A lot of people were rushing around a scene, whether it be dancers going downs stairs or people rubber-necking and walking around a crime scene. Both openings showed Hitchcock's interest in blondes playing a particular role in each film. 

 

2. Identify elements of the "Hitchcock style" in this sequence? Please provide specific examples. Even if you are not sure if it is the "Hitchcock style," what images or techniques stand out in your mind as powerful storytelling? Or images that provide an excess of emotion? 

 

I think the music that he chose is one of his styles, it just gives the feeling to the viewer that something terrible is or will be happening. Watching the details of the murder as they are typed on the typewriter gives a suspenseful feeling that Hitchcock is known for. 

 

3. Even though this is a "silent" film, the opening image is one of a woman screaming. What do you notice in how Hitchcock frames that particular shot that makes it work in a silent film even though no audible scream that can be heard. And what other screams like that come to mind from Hitchcock's later work? 

 

The shot is tight on her face, so you can really see the terror and fear on her face, especially her eyes. The shot works so well because you can really tell what she is feeling. The scream in the shower scene of "Psycho" is the one that comes to mind. It's quite similar, although in Psycho, it's more of a wide shot than the up-close shot of the girl in The Lodger.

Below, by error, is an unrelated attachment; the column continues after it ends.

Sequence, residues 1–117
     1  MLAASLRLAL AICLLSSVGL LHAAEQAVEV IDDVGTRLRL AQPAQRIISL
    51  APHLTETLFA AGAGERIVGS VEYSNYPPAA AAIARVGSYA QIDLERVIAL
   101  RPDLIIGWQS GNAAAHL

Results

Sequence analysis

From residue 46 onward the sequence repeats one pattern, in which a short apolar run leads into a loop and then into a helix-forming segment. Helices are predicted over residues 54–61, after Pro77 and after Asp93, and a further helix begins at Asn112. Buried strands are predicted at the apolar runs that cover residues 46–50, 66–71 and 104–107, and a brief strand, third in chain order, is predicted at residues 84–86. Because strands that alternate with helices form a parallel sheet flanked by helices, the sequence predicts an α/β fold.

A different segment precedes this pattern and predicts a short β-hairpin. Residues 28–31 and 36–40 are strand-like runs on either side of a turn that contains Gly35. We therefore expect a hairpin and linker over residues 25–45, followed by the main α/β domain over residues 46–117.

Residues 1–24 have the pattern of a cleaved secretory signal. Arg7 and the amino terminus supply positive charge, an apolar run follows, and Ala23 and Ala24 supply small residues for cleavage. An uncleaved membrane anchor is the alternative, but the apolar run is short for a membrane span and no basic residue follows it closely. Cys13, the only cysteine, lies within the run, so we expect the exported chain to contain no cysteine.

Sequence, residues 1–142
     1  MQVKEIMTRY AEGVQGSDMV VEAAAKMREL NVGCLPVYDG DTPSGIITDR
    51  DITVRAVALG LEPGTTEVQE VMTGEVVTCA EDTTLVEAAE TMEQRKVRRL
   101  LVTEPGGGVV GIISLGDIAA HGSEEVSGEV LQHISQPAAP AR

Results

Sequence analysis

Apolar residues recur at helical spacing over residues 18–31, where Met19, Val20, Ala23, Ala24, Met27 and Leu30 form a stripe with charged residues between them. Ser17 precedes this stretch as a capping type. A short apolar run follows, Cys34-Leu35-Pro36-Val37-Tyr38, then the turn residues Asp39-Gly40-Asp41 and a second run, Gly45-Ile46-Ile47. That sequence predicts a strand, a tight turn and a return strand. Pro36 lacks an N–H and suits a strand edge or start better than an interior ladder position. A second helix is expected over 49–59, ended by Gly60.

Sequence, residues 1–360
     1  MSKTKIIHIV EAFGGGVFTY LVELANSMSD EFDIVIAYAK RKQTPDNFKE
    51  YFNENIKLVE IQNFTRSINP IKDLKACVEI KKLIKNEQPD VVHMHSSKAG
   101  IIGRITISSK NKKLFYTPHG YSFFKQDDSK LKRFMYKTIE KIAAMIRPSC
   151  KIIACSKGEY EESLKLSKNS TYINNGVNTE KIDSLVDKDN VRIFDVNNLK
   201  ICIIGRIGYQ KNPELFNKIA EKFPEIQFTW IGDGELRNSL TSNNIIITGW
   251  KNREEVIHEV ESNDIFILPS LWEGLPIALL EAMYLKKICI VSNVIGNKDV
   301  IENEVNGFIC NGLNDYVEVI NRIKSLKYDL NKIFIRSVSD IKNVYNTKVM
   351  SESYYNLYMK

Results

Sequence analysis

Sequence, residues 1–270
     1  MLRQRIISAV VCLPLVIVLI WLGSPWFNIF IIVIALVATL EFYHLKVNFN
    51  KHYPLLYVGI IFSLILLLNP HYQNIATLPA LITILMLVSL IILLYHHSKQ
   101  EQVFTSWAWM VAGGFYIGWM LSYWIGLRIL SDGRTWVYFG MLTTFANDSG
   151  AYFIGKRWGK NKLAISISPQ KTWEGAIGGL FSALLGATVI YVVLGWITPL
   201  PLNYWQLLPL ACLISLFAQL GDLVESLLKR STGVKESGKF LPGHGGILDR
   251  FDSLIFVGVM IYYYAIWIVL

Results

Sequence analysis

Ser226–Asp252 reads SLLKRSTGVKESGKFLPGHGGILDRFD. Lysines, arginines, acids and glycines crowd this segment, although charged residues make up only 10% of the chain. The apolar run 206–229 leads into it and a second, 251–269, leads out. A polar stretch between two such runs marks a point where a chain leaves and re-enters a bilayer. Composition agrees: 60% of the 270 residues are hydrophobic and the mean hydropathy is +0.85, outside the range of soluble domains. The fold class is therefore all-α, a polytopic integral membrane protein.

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2. Identify elements of the "Hitchcock style" in this sequence? Please provide specific examples. Even if you are not sure if it is the "Hitchcock style," what images or techniques stand out in your mind as powerful storytelling? Or images that provide an excess of emotion? 

 

It is a well-known fact that Hitchcock was invested in emotional storytelling. I often think of his greatest achievements (PSYCHO and REAR WINDOW always come to mind) as being filled with emotion rather than excessive dialogue. In the absence of sound during this early period, I can see where Hitchcock may have gotten his inspiration to continue relying so much on feeling rather than words.

 

The opening scream is a definite example of Hitchcock's powerful storytelling and the style of horror that would so often correspond with the emotions his characters evoked on screen. That, coupled with the reactions from the pedestrians as they hear of this murder, closely mirrors much of what you see with Hitchcock, even in his later years. The opening sequence of VERTIGO, for example (a Saul Bass collaboration I believe) shows facial expressions of Jimmy Stewart and nothing more. From that opening, the audience can see that the forthcoming picture, one of Hitchcock's films with the least amount of dialogue, will be laden with psychological thrill.